It takes them about six weeks to hatch so hopefully next month there will thousands of veligers floating in the water!
Consider Me Chuffed!
While strolling the beach earlier this week I chanced upon my first Banded Tulip Snail (Cinctura lilium hunteria) shell. Carefully, I picked it up and turned it over. Most of the time when I find gastropod shells they are still in use by the sea snail. Other times they have been claimed by hermit crabs. In either case, I fling them back into the water so they can go about their lives in the sublittoral zone.
As decorative as it was, I was thrilled that this three inch long shell was devoid of inhabitants. There’s a lot going on with this shell: a thin, brown line spirals around the whorl while mauve and blue-gray streaks contrast against a creamy white background. Talk about eye-catching!
It now has a prominent place among my ever-growing shell collection. Did you know? A shell expert is a conchologist (if you were a researcher working with the live animals you’d be a malacologist).
My, What Big Eyes You Have!
While relaxing in my hammock recently at Fort De Soto Park, I felt someone watching me. Turning carefully around, I encountered this intriguing-looking insect.
Despite the common name of Eastern Eyed Click Beetle (Alaus oculatus), the ovate white rings are not sensory organs. Instead, they are an example of a defensive mechanism designed to thwart predation.
At roughly two inches long this is not a tiny insect and those false eyes certainly make it appear larger. But that’s not all, as a click beetle it can also spring away quickly (which makes a loud clicking sound). I wish I had witnessed this action. Maybe next time!
It Flies! It Walks! It Croaks!
Meet the Sea Robin aka Gurnard (Prionotus carolinus), a bottom-dwelling fish. The first common name honors their wing-like pectoral fins. These special fins not only help them “fly’ through the water but the three modified fin-rays (visible in the photo above) help them “walk” along the sea floor. The second moniker mimics the croaking sound the fish makes during mating season (or when it is pulled from the water).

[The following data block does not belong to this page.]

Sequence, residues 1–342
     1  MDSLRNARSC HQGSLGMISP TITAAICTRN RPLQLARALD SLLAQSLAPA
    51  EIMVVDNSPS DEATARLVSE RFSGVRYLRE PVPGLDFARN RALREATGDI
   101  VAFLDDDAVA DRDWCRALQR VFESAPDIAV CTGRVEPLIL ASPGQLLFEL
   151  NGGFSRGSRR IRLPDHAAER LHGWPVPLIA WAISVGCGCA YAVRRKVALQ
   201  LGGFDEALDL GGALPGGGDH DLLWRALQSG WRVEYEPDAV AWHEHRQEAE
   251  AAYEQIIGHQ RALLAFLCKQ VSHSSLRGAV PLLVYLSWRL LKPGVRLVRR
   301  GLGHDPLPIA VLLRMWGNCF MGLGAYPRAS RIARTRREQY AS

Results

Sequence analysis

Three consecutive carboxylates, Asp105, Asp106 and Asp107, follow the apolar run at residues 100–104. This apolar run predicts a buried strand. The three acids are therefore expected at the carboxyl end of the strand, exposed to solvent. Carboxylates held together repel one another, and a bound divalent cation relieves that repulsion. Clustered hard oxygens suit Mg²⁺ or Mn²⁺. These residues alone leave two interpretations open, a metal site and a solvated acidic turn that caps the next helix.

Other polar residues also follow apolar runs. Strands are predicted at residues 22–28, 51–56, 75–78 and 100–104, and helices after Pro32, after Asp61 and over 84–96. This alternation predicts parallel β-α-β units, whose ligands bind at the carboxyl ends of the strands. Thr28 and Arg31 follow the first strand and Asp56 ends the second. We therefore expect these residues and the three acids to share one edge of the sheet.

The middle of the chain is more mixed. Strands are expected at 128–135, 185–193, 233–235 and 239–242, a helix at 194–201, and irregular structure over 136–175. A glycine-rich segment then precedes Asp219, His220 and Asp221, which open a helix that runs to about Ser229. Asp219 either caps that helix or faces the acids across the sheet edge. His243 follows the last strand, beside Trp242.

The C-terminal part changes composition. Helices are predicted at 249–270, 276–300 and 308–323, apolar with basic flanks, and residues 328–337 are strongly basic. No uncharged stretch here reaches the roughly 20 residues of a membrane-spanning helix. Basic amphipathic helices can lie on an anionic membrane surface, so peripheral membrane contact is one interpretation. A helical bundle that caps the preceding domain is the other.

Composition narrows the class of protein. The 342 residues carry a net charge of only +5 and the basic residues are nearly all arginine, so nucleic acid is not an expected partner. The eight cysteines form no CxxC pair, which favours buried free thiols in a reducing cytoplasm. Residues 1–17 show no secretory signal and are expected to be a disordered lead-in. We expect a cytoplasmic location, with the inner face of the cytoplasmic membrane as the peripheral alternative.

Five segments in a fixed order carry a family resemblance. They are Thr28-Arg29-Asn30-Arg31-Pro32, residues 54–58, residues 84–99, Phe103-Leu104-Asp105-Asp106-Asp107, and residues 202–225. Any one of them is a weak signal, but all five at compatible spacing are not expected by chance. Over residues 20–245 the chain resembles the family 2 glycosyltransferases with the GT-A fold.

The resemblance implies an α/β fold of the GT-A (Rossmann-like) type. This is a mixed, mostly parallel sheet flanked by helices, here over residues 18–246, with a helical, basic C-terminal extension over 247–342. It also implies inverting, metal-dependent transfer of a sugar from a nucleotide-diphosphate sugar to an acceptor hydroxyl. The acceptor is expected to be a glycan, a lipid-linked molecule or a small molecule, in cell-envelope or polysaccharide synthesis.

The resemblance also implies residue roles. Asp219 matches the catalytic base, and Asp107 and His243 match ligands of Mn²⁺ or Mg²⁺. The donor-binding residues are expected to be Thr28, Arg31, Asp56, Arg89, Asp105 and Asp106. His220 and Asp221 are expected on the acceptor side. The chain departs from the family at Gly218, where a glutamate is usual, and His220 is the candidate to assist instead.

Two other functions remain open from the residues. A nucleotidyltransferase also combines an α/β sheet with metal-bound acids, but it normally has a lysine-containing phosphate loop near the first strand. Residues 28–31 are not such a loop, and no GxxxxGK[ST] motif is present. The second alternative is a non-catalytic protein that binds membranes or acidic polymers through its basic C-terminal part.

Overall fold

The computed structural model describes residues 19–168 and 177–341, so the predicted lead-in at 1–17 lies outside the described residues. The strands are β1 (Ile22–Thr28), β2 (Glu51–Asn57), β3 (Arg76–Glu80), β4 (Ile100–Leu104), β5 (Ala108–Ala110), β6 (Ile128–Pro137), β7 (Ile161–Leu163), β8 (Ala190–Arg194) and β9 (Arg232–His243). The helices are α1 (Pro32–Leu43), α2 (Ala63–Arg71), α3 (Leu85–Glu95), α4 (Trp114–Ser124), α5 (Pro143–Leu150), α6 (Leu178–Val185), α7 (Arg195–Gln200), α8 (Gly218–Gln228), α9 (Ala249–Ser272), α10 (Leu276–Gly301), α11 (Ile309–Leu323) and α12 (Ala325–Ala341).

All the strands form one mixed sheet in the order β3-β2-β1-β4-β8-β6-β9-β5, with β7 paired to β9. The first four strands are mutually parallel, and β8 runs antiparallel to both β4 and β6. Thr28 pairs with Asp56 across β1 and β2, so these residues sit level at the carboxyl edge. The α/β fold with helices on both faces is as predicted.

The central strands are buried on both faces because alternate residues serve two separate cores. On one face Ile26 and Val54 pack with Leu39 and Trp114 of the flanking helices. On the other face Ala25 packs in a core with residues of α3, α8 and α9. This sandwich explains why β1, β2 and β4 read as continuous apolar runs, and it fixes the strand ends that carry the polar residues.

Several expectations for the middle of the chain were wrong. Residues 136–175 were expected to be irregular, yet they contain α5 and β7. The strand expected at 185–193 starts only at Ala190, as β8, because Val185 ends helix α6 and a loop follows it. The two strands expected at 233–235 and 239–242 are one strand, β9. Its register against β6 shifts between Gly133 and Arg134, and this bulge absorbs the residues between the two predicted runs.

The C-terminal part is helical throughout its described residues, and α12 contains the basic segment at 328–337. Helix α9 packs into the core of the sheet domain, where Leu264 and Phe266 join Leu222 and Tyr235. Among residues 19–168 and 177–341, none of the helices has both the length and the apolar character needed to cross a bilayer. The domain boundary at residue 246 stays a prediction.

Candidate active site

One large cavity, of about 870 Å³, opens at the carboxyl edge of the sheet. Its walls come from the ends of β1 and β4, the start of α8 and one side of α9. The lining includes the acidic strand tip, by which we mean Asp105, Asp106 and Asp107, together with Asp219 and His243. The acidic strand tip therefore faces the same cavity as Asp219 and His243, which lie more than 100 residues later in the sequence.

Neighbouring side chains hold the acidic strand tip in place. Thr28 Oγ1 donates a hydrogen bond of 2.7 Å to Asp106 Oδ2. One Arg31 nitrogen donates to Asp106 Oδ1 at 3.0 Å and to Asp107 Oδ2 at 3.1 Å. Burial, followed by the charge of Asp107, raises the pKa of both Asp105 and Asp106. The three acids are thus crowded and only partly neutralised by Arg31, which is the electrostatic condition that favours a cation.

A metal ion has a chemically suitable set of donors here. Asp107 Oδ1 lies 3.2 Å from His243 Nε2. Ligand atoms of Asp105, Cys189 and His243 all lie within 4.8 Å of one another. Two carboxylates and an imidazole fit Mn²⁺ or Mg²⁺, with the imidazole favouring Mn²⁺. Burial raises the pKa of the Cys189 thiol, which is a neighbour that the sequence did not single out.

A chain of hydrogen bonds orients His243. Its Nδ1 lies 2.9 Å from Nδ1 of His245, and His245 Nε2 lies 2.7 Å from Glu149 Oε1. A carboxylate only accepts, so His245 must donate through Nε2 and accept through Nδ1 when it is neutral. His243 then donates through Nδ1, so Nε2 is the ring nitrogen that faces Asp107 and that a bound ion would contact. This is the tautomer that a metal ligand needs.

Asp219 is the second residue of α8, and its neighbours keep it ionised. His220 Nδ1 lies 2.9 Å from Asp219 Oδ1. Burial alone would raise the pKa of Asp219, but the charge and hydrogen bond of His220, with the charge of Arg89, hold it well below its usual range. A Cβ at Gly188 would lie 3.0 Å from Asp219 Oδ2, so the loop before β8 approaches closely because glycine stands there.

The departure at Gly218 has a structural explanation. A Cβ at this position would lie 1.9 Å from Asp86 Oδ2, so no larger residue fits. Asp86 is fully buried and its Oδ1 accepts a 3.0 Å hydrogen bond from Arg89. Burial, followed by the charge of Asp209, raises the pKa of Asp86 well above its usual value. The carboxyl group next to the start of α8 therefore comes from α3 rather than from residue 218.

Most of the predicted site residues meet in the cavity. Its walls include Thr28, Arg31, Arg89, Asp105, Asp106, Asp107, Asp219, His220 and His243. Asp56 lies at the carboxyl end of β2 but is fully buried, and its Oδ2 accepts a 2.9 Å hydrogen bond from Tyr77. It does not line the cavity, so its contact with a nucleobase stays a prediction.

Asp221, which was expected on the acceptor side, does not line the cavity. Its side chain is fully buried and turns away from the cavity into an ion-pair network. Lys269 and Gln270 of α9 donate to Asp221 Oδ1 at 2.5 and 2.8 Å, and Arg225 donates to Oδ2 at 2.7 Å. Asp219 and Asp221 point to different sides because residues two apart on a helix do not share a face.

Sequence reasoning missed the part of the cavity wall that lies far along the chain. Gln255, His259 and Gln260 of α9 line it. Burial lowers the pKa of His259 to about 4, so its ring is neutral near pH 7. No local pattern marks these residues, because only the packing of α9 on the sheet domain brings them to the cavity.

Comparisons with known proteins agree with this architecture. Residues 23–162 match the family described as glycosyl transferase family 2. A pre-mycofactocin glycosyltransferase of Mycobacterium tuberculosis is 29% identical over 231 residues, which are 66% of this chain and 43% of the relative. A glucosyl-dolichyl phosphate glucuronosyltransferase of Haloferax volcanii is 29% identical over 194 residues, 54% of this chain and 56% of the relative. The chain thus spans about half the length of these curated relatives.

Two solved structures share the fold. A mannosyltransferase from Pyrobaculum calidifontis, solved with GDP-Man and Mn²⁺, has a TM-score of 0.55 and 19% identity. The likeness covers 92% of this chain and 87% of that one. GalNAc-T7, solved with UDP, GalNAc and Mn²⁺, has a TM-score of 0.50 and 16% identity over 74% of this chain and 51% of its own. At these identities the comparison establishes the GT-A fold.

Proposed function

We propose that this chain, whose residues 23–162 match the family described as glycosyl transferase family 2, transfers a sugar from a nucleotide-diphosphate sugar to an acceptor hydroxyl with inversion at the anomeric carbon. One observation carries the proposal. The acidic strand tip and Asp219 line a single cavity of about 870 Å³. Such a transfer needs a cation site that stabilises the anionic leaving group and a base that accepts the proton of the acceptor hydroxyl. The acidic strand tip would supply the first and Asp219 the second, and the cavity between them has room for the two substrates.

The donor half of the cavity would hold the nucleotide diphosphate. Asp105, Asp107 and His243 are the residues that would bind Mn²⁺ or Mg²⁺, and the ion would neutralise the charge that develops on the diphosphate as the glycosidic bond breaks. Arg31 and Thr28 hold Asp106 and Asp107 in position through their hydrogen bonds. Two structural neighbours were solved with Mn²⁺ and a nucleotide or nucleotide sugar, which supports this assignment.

The three inch long fish in my photo is a juvenile while adults can reach about 17 inches. Long considered a trash fish or unwanted bycatch, this mild tasting, light, flaky fish is now gaining in popularity in the kitchen. Maybe someday I’ll get to try one.
Went fishing at Robinson Preserve in Bradenton earlier this week. The fish weren’t playing but we were entertained by some interesting creatures, including this Upside-down Jellyfish (Cassiopea xamachana). It was my first encounter with this species of sea jelly and it was fascinating to watch it “swim”.
As best I can tell, this sea jelly was actually upside down as it pulsated by (or is that right side up). Unlike most sea jellies, this species lives life tentacles up, using their bell to secure them to the sea floor.
Yesterday, I posted my video of a juvenile Horseshoe Crab that swam by upside down, I’m sensing a trend here…
This was the first time I’ve seen an Atlantic horseshoe crab (Limulus polyphemus) swimming and this little “saucepan” was cruising! This is not the normal way they swim. Not sure how but apparently, this one had been turned over. Or maybe he’s just a unique creature that likes doing things differently.
I do know that being upside down on land can be fatal, there’s even an outreach program in Delaware that asks people to flip them over (complete with a catchy theme song).